Monday, May 31, 2010

Decoration Day

. . . was the name originally given to Memorial Day, about whose history you may read at this post. Many other sites have poems, essays and similar offerings in honor of the day (don't forget this memorable photo). I have chosen a performance by the San Francisco Symphony under Michael Tilson Thomas of the tone poem "Decoration Day", by Charles Ives:

Here are Ives's own notes on the work:

In the early morning the gardens and woods around the village are the meeting places of those who, with tender memories and devoted hands, gather the flowers for the Day's Memorial. During the forenoon as the people join each other on the Green there is felt, at times, a fervency and intensity--a shadow perhaps of the fanatical harshness--reflecting old Abolitionist days. It is a day as Thoreau suggests, when there is a pervading consciousness of "Nature's kinship with the lower order-man."

After the Town Hall is filled with the Spring's harvest of lilacs, daisies, and peonies, the parade is slowly formed on Main Street. First come the three Marshals on plough horses (going sideways), then the Warden and Burgesses in carriages, the Village Cornet Band, the G.A.R., two by two, the Militia (Company G), while the volunteer Fire Brigade, drawing a decorated hose-cart, with its jangling bells, brings up the rear-the inevitable swarm of small boys following. The march to Wooster Cemetery is a thing a boy never forgets. The roll of the muffled drums and "Adestes Fideles" answer for the dirge. A little girl on a fencepost waves to her father and wonders if he looked like that at Gettysburg.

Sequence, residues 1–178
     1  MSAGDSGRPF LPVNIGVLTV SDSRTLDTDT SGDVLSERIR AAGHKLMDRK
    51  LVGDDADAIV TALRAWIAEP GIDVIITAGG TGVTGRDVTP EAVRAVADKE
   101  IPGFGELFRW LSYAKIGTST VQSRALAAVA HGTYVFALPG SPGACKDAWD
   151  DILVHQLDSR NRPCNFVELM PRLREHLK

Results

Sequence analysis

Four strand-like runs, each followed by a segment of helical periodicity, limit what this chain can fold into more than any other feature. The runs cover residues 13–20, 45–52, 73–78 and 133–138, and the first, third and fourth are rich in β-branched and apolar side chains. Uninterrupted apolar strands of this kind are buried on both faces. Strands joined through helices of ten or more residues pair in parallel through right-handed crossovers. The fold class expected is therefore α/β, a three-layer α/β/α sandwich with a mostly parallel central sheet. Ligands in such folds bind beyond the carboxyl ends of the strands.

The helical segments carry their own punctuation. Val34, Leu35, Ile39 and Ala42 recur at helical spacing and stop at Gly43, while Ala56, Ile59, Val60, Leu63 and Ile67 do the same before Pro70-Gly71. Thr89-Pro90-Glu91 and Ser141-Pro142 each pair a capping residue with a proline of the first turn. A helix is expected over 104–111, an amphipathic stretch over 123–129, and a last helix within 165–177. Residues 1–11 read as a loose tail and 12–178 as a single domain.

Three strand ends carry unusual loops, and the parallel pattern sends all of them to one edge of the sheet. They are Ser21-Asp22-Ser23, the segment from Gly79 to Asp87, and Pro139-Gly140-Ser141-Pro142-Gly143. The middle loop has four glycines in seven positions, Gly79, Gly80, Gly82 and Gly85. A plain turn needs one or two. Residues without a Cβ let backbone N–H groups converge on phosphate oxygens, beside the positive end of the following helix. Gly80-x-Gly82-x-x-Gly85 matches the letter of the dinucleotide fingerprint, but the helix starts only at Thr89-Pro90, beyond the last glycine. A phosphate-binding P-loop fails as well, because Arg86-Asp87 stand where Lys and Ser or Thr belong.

After the last grave is decorated, Taps sounds out through the pines and hickories, while a last hymn is sung. The ranks are formed again, and "we all march to town" to a Yankee stimulant-Reeves inspiring Second Regiment Quickstep-though, to many a soldier, the sombre thoughts of the day underlie the tunes of the band. The march stops-and in the silence of the shadow of the early morning flower-song rises over the Town, and the sunset behind the West Mountain breathes its benediction upon the Day [Memos, 101-102].

* * * *

Meanwhile, in the news on this Memorial Day, the Turkish flotilla carrying aid to Hamas in Gaza has achieved the confrontation it wanted by trying to run the blockade established by Israel to keep Arab countries from supplying rockets and other arms to the Palestinians there. Only one of the six ships resisted being boarded by Israeli troops, and that was the ship on which all the casualties occurred. Israel claims its soldiers were met with clubs and knives, and that they opened fire in self-defense after the passengers seized two of their handguns and opened fire (more information here). Hamas claims that the troops simply slaughtered innocent civilians. According to Stratford, Al Jazeera's Arab news is now reporting that most of those killed were Turks, including a member of the Turkish parliament, and that Israel has called on all its citizens in Turkey to leave immediately.

The diplomatic protests are pouring in, the U.N. Security Council has called an emergency session, and Turkey is preparing sanctions against Israel for acting in self defense. No doubt the same nations parading their outrage at Israel's conduct in this sorry affair will, any day now, direct similar protests and sanctions against North Korea for sinking a South Korean vessel -- an unprovoked act which resulted in the loss of 46 lives.

The left once again shows its double standards -- one for Israel, but none for Kim Jong-il.

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